Family Plans to Publish Unseen Works of JD Salinger

The 'Catcher in the Rye' author kept writing for decades, his son confirms
By Bob Cronin,  Newser Staff
Posted Feb 4, 2019 6:10 PM CST
Family Plans to Publish Unseen Works of JD Salinger
J.D. Salinger on book jacket of his 1951 novel "Catcher in the Rye."   (University of New Hampshire via AP)

For the first time in more than 50 years, unseen works by literary giant JD Salinger—creator of the iconic Holden Caulfield—will be published, though it's not clear exactly when. Matt Salinger told the Guardian that his father, who died in 2010, never stopped writing, though his last new work was published in 1965. It had long been rumored that the Catcher in the Rye author had continued writing at his home in Cornish, New Hampshire, out of the public eye. Matt Salinger said he and Colleen O’Neill, the author's widow, are working as fast as they can to prepare the material for publication. It’s not ready yet, and will take years, he said, but nearly all of the writings "will at some point be shared."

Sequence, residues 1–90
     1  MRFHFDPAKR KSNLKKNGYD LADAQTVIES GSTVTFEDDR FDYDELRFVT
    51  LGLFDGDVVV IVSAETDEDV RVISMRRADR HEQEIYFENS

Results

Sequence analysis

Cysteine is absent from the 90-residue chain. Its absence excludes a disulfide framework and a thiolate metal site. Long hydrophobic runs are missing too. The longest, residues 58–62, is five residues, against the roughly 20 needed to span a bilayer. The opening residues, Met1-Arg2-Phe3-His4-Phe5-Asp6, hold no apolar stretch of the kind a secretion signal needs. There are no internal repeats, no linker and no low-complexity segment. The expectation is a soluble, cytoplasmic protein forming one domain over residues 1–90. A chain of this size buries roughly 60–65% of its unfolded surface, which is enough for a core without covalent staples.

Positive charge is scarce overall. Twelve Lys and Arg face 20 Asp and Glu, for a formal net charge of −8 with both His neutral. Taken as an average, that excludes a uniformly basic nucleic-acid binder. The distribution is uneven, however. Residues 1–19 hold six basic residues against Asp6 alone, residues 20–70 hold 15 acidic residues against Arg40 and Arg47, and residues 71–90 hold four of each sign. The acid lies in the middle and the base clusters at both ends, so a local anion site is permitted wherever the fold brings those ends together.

Some readers and literary observers welcomed the news, the Los Angeles Times reports. “His work continues to resonate with modern audiences,” Madeline Grant writes in the Telegraph. Others were uneasy with the thought of what could be considered outtakes. Matt Salinger has no reservations about the unpublished works, though he revealed few details about the stories to come. He did say that the later writing has "no linear evolution" and that "it becomes clear that he was after different game." But the creativity seems to have remained. Matt Salinger said his father "teemed with ideas and thoughts … he’d be driving the car and he'd pull over to write something and laugh to himself—sometimes he'd read it to me, sometimes he wouldn't—and next to every chair he had a notebook." (Some might argue Catcher isn't worth reading.)

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